While it’s a fair assessment to say that The Bad Batch doesn’t have a story that’s wholly spelled out for viewers (verbally at least), I appreciated both Amirpour’s abstract approach to this world and the way she would often rely on her strong visual style as a filmmaker to do some of the heavy lifting. Amirpour forces viewers to look inwards, or think about things far deeper than the surfaces she often cinematically scratches, and within The Bad Batch, there is a lot of interesting material to ponder long after the credits roll (in fact, certain aspects of it have really stuck with me even now, a few weeks later).

With The Bad Batch, Amirpour has created an interesting character study of folks who are seen as broken when compared to the standards of normal society, and how they come together in an unforgiving world (both literally and figuratively). The way Amirpour utilizes even her background players is mesmerizing: every face has a story and those are stories I would gladly spend more time with (one fun note: I think I spotted WWE’s Tough Enough competitor Mada as one of the residents of The Bridge).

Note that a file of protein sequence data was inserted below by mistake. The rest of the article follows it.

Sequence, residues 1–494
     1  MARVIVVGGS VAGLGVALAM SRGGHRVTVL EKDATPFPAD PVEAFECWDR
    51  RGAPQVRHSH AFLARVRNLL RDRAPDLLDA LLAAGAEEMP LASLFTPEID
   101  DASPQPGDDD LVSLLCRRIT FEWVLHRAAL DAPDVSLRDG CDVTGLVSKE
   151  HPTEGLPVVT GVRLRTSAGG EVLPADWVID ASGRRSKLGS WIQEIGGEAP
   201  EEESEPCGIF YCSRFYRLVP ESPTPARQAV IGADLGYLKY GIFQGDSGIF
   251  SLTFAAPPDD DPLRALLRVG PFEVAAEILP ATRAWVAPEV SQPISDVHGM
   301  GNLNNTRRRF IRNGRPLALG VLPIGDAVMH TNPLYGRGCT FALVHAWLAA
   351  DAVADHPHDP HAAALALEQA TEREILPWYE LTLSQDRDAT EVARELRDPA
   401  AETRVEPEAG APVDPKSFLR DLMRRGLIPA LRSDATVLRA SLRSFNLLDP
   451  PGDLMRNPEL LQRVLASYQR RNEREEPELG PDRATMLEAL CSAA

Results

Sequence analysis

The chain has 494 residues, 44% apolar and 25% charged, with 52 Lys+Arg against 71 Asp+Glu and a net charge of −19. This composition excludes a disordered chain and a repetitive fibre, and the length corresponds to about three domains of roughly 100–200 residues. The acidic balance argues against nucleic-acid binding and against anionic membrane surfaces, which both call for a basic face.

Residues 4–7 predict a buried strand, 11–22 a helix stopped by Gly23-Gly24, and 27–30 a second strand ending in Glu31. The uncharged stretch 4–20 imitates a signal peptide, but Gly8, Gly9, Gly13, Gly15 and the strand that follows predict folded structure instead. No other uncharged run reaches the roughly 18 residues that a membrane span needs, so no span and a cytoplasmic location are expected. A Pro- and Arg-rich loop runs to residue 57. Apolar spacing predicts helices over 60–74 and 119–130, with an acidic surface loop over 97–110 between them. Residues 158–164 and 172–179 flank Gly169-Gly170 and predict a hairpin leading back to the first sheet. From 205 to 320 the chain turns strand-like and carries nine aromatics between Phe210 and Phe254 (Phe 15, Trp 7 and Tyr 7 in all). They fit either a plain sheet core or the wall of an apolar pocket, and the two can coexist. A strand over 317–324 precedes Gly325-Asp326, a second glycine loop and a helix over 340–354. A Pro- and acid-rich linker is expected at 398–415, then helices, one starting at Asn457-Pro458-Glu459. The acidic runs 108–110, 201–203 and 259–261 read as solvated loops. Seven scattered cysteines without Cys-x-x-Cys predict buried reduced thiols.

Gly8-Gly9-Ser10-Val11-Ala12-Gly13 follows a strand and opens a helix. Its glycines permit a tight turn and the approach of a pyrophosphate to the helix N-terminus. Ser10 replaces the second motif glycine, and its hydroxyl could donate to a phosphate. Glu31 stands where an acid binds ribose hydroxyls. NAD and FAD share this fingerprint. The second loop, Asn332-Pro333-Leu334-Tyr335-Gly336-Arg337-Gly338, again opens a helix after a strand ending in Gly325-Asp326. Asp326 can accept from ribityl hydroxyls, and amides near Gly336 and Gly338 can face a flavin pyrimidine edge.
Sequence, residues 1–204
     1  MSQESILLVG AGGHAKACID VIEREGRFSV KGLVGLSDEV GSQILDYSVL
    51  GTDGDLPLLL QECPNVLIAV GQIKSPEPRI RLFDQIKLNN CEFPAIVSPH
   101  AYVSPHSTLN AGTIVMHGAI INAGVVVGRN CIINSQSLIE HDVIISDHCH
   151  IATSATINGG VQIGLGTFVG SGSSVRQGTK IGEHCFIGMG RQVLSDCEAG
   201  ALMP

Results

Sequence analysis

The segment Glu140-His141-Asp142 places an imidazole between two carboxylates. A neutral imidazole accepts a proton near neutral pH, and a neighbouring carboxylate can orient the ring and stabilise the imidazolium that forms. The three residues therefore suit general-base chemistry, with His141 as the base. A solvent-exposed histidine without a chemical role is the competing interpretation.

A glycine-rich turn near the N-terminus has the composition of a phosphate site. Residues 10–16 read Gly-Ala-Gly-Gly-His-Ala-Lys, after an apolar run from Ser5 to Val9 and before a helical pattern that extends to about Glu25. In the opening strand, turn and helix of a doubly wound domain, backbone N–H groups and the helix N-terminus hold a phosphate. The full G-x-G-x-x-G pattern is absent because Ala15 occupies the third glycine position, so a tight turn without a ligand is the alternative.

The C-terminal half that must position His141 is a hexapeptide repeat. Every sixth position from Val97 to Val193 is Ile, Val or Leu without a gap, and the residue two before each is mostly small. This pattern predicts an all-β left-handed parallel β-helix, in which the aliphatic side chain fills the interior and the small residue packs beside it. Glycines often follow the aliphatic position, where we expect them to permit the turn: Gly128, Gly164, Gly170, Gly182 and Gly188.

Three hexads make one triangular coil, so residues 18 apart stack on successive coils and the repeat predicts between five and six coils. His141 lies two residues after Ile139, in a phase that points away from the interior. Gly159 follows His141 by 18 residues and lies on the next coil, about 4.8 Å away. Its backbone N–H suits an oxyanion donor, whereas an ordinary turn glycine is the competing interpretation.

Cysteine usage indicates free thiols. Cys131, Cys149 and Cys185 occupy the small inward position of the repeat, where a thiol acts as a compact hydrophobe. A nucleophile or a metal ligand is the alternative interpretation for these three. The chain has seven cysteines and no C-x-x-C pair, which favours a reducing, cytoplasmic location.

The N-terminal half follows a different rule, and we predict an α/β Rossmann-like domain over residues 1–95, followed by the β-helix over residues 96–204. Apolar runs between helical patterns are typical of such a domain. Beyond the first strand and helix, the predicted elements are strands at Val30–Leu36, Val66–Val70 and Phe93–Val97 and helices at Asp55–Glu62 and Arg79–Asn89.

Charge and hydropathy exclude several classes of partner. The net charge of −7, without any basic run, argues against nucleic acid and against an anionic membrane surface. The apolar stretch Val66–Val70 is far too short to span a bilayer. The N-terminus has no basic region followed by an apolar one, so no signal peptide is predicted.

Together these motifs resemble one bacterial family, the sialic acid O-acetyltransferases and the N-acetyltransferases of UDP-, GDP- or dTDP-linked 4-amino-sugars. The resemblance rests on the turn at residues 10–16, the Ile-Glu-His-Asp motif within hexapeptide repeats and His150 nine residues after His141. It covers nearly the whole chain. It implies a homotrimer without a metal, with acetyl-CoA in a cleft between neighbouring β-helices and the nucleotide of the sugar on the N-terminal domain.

As Arlen, Waterhouse gives a performance ripe with personality and swagger, even after she loses a few limbs, and the actress is wholly fascinating to follow from start to finish. One key moment that perfectly summarizes Arlen is when, right after she is released, with not a soul seemingly around her, she stops to fix her makeup in a car, hinting at her desire for normalcy in a world that wasn’t about to cut her any breaks. Another beautiful moment in The Bad Batch was when Arlen cuts out pieces of a model pictorial from a magazine, attaches the cutout to the mirror, and tries to imagine herself as “whole” again. In a way, that moment feels like not only a haunting reminder of what she’s lost physically, but perhaps spiritually as well, and it makes for a great allegory for moving on past previous relationships and the difficulty that comes with trying to piece yourself back together again.